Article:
The relationship between knee strength capabilities, postural control and slip severity.
Pittsburgh; PA: University of Pittsburgh, 2008 May; :1-66
Slips and falls are serious public health concerns in older populations. Understanding relationships between propensity to slip and biomechanical and physiological characteristics is important to identify factors responsible for slip-initiated falls and to improve slip/fall prevention. Thus, the first goal of this thesis was to investigate the relationship between knee flexion/extension strength and slip severity. Reduced muscle strength is associated with aging and falls. Knee corrective moments generated during slipping assist in balance recovery. Isometric knee flexion/extension peak torque, rate of torque development (RTD), and angular impulse were measured in 30 young and 28 older subjects. Motion data were collected for an unexpected slip during self-paced walking. Slips were characterized as non-hazardous or hazardous based on a 1.0 m/s peak slip velocity threshold measured at the slipping heel. Within-gender regressions relating strength to slip hazardousness and age group revealed significantly greater left knee extension RTD and angular impulse in young males experiencing non-hazardous versus hazardous slips. Findings were not evident in older males, who perhaps implement cautious walking styles, allowing less reliance on post-slip recovery reactions. Other strength variables were not associated with hazardousness. Thus, rapid knee extension force generation may assist balance recovery from hazardous slips. Decreased postural stability is also associated with aging and falls. Therefore, the second goal of this project was to investigate the association between ability to integrate sensory information important for balance and slip severity. The Sensory Organization Test (SOT) was administered and COP standard deviation (COP ST DEV) and path length (PATH LENGTH) were calculated for each condition. COP ST DEV, PATH LENGTH, and variable ratios were regressed on age group and hazardousness within condition. Significantly greater PATH LENGTH and its subsequent effects on ratio variables associated with Condition 4, in which somatosensation was rendered inaccurate, were evident in individuals experiencing hazardous versus non-hazardous slips. Conditions in which vestibular or visual information was rendered inaccurate or missing were not associated with hazardousness. Somatosensory channels detect slips first at the shoe-floor interface and thus may be especially important in early detection and response to a slip.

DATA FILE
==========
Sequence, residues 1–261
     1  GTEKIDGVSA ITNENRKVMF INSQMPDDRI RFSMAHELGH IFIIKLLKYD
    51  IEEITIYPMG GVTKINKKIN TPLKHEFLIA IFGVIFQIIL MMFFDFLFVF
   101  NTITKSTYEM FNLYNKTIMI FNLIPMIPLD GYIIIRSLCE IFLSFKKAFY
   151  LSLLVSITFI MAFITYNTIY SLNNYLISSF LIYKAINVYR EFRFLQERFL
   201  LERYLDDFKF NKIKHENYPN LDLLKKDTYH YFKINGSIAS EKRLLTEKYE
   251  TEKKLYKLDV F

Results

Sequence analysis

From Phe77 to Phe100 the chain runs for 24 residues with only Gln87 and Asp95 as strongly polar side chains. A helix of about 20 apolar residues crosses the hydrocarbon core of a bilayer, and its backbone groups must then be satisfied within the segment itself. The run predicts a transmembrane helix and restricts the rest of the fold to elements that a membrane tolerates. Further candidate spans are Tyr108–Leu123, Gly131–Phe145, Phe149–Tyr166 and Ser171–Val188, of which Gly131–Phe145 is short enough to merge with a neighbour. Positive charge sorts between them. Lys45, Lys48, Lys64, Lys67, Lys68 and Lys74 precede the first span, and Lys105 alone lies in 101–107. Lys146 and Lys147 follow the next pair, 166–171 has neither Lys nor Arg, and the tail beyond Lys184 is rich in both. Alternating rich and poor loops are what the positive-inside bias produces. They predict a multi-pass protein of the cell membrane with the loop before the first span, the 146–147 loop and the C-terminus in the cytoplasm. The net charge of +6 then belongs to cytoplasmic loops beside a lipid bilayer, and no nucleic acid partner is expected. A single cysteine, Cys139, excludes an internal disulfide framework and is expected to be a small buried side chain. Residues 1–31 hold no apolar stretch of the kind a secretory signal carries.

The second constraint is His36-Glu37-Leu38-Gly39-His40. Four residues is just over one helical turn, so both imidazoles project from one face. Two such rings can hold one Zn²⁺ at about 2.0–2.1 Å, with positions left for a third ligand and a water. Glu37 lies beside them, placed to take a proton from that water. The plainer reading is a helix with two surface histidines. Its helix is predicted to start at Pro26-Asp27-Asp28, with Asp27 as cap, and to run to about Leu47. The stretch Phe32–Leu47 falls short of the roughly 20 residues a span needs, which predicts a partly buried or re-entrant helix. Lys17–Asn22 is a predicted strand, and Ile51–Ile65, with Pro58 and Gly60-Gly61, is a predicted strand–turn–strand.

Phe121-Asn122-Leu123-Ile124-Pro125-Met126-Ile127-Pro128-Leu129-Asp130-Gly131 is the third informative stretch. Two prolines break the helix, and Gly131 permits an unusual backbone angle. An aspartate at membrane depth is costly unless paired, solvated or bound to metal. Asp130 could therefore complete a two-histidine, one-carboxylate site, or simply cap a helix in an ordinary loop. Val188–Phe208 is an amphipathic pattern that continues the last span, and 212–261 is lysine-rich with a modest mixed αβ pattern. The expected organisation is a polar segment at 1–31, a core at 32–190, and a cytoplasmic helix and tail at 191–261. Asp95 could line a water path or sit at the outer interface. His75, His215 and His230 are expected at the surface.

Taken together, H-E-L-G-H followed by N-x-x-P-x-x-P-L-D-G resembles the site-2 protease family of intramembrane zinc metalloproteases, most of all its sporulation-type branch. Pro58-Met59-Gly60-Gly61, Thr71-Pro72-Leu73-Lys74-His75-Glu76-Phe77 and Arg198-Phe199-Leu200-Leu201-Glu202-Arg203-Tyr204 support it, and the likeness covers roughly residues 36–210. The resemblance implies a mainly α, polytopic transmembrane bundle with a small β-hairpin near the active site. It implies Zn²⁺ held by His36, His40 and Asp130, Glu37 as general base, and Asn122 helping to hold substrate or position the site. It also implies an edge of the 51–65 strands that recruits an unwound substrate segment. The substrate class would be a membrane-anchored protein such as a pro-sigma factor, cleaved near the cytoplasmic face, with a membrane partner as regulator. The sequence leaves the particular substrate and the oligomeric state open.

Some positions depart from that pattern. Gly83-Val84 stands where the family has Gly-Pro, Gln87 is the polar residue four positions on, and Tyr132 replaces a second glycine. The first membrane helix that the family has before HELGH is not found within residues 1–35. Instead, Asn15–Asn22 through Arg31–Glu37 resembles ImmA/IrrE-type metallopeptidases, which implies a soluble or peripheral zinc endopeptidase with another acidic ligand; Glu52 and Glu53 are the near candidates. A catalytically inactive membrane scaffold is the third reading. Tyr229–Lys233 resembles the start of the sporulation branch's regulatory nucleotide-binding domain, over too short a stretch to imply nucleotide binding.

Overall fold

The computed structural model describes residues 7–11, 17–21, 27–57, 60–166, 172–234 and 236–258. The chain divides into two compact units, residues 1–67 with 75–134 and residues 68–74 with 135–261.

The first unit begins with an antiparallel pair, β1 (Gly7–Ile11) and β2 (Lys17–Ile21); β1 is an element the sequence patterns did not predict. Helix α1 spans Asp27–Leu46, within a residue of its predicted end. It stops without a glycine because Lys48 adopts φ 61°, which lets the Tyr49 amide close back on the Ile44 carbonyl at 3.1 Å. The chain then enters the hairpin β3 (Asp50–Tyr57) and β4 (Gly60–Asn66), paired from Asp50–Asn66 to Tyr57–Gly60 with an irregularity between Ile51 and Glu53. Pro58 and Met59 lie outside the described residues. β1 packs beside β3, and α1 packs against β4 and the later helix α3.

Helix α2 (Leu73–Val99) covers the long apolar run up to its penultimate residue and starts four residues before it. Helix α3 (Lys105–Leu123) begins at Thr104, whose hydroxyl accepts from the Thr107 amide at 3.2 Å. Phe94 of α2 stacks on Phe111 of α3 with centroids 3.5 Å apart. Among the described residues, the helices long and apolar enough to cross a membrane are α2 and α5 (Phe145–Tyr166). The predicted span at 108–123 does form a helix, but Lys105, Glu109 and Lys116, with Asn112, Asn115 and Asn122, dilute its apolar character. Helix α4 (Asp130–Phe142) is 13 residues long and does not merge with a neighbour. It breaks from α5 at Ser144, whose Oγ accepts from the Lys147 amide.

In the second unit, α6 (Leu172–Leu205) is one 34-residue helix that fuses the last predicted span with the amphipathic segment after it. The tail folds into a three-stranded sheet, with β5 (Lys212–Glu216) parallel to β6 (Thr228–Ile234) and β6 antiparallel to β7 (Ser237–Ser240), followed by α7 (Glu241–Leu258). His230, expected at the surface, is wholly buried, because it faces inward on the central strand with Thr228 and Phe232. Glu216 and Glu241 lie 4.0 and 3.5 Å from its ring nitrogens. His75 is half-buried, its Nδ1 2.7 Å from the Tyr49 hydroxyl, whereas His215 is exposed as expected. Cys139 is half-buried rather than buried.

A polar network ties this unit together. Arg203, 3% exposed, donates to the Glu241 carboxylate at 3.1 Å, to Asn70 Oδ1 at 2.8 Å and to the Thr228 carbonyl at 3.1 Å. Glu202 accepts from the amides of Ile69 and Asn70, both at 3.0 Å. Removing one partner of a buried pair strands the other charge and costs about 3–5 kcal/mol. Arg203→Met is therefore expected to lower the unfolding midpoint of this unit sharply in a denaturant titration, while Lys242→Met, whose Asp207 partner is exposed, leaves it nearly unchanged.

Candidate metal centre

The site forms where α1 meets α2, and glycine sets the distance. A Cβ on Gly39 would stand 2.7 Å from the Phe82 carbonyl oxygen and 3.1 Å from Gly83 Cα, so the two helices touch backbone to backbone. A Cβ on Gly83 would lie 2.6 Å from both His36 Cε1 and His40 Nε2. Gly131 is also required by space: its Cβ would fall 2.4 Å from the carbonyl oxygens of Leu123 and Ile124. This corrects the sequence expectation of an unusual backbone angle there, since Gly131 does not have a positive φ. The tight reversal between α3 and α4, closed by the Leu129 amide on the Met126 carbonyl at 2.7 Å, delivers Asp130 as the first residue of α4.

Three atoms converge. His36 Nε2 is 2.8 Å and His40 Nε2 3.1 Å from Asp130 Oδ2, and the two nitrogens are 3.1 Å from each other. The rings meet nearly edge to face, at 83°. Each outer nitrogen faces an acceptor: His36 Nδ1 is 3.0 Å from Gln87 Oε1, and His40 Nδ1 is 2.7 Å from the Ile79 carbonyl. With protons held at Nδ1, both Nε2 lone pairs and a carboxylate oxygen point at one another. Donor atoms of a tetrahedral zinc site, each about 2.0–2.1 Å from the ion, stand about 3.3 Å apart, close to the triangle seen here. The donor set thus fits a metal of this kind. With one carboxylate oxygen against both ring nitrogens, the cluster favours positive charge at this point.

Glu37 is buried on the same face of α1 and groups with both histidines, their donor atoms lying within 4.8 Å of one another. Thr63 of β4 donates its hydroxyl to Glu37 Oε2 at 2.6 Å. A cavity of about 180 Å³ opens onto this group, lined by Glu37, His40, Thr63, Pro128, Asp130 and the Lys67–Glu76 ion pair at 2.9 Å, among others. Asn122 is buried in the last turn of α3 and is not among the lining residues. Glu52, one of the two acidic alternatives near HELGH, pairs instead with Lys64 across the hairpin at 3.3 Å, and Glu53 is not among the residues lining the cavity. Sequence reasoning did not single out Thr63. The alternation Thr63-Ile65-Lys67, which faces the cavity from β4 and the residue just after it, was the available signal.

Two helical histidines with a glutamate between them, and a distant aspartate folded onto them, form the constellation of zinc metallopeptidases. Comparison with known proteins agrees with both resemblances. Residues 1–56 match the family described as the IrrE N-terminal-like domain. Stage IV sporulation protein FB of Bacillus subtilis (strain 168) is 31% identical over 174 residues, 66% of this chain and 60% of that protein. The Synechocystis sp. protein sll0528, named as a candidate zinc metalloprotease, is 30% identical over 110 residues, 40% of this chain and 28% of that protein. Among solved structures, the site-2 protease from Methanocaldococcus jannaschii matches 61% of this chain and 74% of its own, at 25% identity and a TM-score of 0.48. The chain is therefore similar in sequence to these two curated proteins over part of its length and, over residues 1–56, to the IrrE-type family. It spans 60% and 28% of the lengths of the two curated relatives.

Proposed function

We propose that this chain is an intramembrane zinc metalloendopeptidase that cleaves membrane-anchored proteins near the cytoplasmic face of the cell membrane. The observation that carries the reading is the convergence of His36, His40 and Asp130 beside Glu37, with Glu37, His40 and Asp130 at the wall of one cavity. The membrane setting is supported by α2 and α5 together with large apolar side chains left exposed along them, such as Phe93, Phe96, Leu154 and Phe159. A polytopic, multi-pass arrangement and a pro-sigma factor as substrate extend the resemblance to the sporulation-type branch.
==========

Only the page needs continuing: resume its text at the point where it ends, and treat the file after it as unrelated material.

Accidents; Injuries; Musculoskeletal-system; Hazards; Public-health; Occupational-health; Biomechanics; Physiological-factors; Physiological-function; Physiological-response; Age-groups; Walking-surfaces; Humans; Men; Women
The Relationship between Knee Strength Capabilities, Postural Control and Slip Severity
University of Pittsburgh